Garfield, James A. (1831-1881)
James Abram Garfield, 20th President of the United States, was born on a pioneer farm in Cuyahoga County, Ohio, on November 19, 1831. He was graduated from Williams College in Williamstown, Massachusetts in 1856, served for a while as a schoolmaster of the Western Reserve Eclectic Institute (later Hiram College), and was elected to the Ohio state senate as a Republican in 1859. With the outbreak of the Civil War, Garfield aided with the recruitment of the 42nd Ohio Infantry, of which he was made lieutenant colonel in August, 1861, and colonel in December. Impressing his superiors with his ability to turn raw recruits into soldiers, Garfield was sent to train Don Carlos Buell’s army in Kentucky. Given command of a brigade, he won an unimportant victory in January, 1862 over West Point trained Confederate General Henry Marshall. He was promoted to brigadier general of volunteers to rank from January 11, 1862, and fought with Buell at the battles of Shiloh and Corinth. From that time until late autumn, Garfield was plagued by ill health, but on November 17, 1862, was named to the military commission which drove Major General Fitz John Porter from the service. The following spring, he was appointed chief of staff to General William S. Rosecrans, the commander of the Army of the Cumberland, and after the disastrous battle of Chickamauga, he was promoted to major general. Interestingly, this promotion came after Garfield had been elected to the United States House of Representatives. President Lincoln persuaded him to resign his commission, since he said it was easier to find major generals than competent Republicans in Congress. Garfield won re-election for the next 18 years, and became the leading Republican in the House. At the 1880 Republican Convention, he failed to win the Presidential nomination for his friend John Sherman, but on the 36th ballot, Garfield himself became the “dark horse” candidate. In an amazingly close race, Garfield defeated the Democratic nominee, Winfield Scott Hancock, by a margin of only 10,000 popular votes. Four months after his inauguration, on July 2, 1881, James A. Garfield was shot in a Washington D. C. train station by a disappointed office seeker named Charles J. Guiteau. He lay in the White House for weeks while doctors poked and prodded him to find the bullet (Alexander Graham Bell even tried with an induction-balance electrical device which he had designed). On September 6, Garfield was taken to the New Jersey shore, and for a few days he showed signs of recuperating. However, his recovery was not to be. On September 19, 1881, James A. Garfield died from an infection and internal hemorrhage. He lays in an impressive tomb in Lake View Cemetery in Cleveland, Ohio. Guiteau was hanged on June 30, 1882.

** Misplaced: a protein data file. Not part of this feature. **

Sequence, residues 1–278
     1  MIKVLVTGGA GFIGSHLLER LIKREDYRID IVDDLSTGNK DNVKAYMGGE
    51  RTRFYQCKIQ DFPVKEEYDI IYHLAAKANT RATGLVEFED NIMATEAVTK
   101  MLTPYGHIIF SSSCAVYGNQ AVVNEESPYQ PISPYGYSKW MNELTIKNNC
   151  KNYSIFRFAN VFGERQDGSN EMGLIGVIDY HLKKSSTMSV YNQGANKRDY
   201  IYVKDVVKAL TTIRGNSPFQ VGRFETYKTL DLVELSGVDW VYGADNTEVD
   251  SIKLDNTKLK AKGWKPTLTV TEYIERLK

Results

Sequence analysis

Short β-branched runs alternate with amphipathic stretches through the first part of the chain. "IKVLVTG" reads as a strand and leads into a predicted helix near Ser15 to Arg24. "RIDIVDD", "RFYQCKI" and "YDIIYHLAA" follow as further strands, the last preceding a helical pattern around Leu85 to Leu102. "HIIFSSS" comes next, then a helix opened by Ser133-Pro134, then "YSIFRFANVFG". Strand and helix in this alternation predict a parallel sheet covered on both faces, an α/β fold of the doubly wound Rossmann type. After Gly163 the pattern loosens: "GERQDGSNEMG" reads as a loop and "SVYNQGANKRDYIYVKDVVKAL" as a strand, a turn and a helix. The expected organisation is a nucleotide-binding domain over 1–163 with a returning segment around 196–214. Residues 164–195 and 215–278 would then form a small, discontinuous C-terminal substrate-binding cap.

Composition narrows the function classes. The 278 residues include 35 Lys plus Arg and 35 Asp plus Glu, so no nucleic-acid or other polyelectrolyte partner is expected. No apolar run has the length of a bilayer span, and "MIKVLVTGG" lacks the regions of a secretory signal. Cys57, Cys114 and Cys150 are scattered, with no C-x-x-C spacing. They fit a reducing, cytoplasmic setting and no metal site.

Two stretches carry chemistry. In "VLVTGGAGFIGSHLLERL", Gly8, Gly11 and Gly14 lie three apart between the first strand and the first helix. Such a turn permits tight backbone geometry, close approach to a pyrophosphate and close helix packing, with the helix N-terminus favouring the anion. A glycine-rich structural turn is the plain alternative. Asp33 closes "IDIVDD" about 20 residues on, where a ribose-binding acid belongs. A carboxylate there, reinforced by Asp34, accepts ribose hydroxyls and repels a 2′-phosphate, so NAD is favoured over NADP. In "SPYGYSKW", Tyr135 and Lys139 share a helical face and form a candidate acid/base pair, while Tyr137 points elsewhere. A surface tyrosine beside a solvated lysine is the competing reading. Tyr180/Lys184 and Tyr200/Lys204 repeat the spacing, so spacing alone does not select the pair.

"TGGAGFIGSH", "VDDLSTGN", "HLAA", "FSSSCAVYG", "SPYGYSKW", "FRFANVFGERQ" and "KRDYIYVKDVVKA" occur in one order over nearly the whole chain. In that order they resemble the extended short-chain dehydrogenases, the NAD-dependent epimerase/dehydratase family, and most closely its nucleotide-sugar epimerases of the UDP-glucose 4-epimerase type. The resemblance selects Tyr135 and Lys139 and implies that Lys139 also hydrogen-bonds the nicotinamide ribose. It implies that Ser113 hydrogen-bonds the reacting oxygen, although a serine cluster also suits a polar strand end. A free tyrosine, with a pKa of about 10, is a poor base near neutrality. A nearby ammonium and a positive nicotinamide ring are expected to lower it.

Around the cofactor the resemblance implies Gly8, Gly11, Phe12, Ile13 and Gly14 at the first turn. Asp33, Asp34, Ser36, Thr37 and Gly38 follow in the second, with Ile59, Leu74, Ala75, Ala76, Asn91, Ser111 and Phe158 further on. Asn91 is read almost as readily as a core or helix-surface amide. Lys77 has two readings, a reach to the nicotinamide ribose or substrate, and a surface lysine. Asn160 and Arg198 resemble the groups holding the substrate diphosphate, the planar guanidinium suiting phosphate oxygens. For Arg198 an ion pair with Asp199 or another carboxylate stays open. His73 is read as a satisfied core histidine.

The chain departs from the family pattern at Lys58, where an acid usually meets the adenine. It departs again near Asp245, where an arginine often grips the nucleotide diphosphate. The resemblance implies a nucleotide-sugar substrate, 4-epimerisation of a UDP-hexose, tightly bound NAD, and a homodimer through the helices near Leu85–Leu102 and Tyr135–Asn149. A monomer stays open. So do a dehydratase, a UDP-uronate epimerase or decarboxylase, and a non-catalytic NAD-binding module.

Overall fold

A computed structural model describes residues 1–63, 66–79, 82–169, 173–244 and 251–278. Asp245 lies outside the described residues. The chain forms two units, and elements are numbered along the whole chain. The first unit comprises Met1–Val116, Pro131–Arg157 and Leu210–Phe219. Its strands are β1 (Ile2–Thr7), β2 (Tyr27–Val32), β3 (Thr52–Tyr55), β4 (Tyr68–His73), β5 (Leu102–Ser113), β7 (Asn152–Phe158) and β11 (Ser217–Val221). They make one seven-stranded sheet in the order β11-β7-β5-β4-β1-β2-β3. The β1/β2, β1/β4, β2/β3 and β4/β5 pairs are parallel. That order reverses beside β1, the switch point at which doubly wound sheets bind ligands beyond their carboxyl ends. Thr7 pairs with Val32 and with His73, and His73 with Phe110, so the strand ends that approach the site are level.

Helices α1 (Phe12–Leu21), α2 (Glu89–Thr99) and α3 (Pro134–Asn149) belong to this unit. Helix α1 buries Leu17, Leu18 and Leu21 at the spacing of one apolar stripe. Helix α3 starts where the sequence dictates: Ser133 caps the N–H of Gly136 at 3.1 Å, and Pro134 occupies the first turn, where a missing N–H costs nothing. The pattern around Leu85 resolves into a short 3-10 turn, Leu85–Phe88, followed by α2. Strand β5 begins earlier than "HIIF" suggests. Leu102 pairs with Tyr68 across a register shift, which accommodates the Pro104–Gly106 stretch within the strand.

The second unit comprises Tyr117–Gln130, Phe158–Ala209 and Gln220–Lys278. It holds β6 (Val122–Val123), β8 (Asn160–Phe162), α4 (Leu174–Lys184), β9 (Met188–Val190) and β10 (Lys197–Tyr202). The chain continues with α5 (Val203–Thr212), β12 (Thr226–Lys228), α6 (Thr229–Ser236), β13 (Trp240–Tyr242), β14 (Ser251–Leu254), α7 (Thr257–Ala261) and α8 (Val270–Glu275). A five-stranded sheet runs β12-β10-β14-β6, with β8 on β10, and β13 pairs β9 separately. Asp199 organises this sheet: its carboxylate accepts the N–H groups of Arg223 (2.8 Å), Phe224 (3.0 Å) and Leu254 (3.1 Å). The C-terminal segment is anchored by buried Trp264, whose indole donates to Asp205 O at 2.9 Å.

Offered is a fairly large, approximately 1.75 x 5.25 inch, clipped signature, undoubtedly signed while Garfield was a member of Congress. The piece reads “J. A. Garfield / Ohio” and appears to have been removed from a period autograph album (we have encountered this type of paper in that format). The verso of the clip is blank, though many of these removed from albums have a second signature on the opposite side. The autograph is executed in period ink, with virtually no fading noted. Very light toning is present across the face of the piece, probably due to the type of paper used. A nice signature of this Civil War officer and United States president.